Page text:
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Current WRC cars remain until 2010.

Following a meeting of the World Motor Sport Council, the FIA has announced its future plans for regulations in the World Rally Championship.

New regulations for the next generation of WRC cars will become effective from the 2011 season and will see cars based on the current Super 2000 and Group N machines.

Cars will be fitted with a supplementary kit including a turbo and rear-wing additions, although the kit must be able to be fitted to or removed from the car within a defined time limit which has yet to be determined.

The new WRC car will be permitted to compete in the series from the 2009 season and will be able to score points in the WRC from 2010, where the current WRC machines will also be allowed to compete.

That comes after the FIA announced that the current regulations will be extended into 2010, although cars will be subject to technical controls.

In other news following the WMSC meeting, the FIA has confirmed that the restriction on parts will be eased for new manufacturers in their first year of entering the championship with immediate effect.

A new manufacturer will be able ask the FIA for a waiver to use two additional engines without penalty, and a change of parts, as described in the WRC sporting regulations.


Related Pictures

Click on relevant pic to enlarge
Sebastien Loeb (FRA) / Daniel Elena (MC), Citroen Total WRT C4 WRC.
Armindo Araujo (POR) / Miguel Ramalho (POR), Mitsubishi Lancer Evo IX [Production Car WRC]. Uddeholm Swedish Rally, February 7-10th 2008.
Jan Kopecky (CZ) / Petr Stary (CZ) Fiat Grande Punto Abarth S2000. Corona Rally Mexico. February 29-March 2 2008. [PIC CREDIT: Motorsport-Kopecky]
Sebastien Ogier, Julien Ingrassia (Volkswagen Polo WRC #1, Volkswagen Motorsport)
Sebastien Ogier, Julien Ingrassia (Volkswagen Polo WRC #1, Volkswagen Motorsport)
Sebastien Ogier, Julien Ingrassia (Volkswagen Polo WRC #1, Volkswagen Motorsport)
Andreas Mikkelsen ,Ola Floene (Volkswagen Polo R WRC, #9 Volkswagen Motorsport II)
Andreas Mikkelsen ,Ola Floene (Volkswagen Polo R WRC, #9 Volkswagen Motorsport II)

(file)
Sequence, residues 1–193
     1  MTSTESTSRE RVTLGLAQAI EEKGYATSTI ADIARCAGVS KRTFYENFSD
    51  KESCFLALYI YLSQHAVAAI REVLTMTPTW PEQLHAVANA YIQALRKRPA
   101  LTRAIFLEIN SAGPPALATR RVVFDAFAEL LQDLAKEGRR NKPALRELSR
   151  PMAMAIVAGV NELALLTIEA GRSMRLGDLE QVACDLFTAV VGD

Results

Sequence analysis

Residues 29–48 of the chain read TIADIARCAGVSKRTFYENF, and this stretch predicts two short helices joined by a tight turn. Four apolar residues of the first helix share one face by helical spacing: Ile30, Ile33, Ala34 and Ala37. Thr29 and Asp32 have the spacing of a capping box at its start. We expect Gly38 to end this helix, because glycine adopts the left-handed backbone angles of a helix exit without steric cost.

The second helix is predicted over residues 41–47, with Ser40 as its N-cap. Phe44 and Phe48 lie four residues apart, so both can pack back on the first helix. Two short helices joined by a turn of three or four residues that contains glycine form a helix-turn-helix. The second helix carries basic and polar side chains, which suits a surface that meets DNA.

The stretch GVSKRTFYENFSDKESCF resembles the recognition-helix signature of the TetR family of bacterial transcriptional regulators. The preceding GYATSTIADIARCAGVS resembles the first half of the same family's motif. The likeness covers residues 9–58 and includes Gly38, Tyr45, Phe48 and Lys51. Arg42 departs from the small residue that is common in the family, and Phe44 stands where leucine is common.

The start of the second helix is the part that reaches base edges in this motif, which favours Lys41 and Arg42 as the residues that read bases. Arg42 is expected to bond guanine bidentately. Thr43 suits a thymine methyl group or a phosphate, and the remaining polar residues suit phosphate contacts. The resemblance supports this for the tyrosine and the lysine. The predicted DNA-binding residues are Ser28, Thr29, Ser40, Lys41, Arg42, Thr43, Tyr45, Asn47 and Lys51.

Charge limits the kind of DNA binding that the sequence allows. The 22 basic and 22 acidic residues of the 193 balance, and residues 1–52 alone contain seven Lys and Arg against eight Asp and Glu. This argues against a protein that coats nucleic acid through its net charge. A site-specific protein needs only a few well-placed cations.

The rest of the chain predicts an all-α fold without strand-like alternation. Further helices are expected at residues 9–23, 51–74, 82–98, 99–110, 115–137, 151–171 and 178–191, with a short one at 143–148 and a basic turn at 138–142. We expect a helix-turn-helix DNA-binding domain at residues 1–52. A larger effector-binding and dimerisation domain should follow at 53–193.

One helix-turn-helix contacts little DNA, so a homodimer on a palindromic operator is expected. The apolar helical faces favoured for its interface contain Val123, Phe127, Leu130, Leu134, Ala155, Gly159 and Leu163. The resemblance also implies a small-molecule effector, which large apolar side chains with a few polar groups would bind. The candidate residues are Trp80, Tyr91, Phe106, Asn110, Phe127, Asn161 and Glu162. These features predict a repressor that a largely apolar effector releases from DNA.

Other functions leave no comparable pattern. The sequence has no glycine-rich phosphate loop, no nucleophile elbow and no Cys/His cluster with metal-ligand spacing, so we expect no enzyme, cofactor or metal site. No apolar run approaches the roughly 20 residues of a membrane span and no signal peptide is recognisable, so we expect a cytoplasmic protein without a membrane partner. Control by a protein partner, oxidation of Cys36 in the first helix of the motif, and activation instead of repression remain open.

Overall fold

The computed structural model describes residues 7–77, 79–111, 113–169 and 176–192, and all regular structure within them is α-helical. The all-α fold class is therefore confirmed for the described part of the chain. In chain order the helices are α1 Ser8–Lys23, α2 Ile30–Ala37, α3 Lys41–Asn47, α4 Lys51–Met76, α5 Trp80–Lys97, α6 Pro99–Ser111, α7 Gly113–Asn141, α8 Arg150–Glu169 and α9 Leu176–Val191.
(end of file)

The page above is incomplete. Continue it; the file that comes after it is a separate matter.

Kris Meeke, Paul Nagle (Citroën DS3 WRC, #3 Citroën Total Abu Dhabi WRT)
Jari-Matti Latvala,  Miikka Anttila (Volkswagen Polo WRC #2, Volkswagen Motorsport)
Jari-Matti Latvala,  Miikka Anttila (Volkswagen Polo WRC #2, Volkswagen Motorsport)
Mikko Hirvonen, Jarmo Lehtinen (Ford Fiesta WRC, #5 M-Sport World Rally Team)
Jari-Matti Latvala,  Miikka Anttila (Volkswagen Polo WRC #2, Volkswagen Motorsport)
Mikko Hirvonen, Jarmo Lehtinen (Ford Fiesta WRC, #5 M-Sport World Rally Team)
Mikko Hirvonen, Jarmo Lehtinen (Ford Fiesta WRC, #5 M-Sport World Rally Team)
Juho Hanninen, Tomi Tuominen (Hyundai i20 WRC,  #8 Hyundai Motorsport)
Juho Hanninen, Tomi Tuominen (Hyundai i20 WRC,  #8 Hyundai Motorsport)
Hayden Paddon, John Kennard (Hyundai i20 WRC, #20 Hyundai Motorsport N)

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Damon - Unregistered

March 28, 2008 1:00 AM

I agree with WRC that spectators are important (very), but it goes hand in hand with who's competing and with what cars. I think that with more manufacturers, the more interest, as long as the cars are fast and exciting. In the current situation WRC cars are 3s/km slower than last year due to the hard Pirelli tyres and are only apporx 2s/km faster than last years Gp N. S2000 is faster than Gp N, and with a bigger engine (2.5ltr NA) they would be exciting, and without the turbo make fantastic noise verberating through the forests on full song. There are now more manufactures building S2000 cars than WRC, lots of people still go to see the IRC, so there must be something pulling the crowd.



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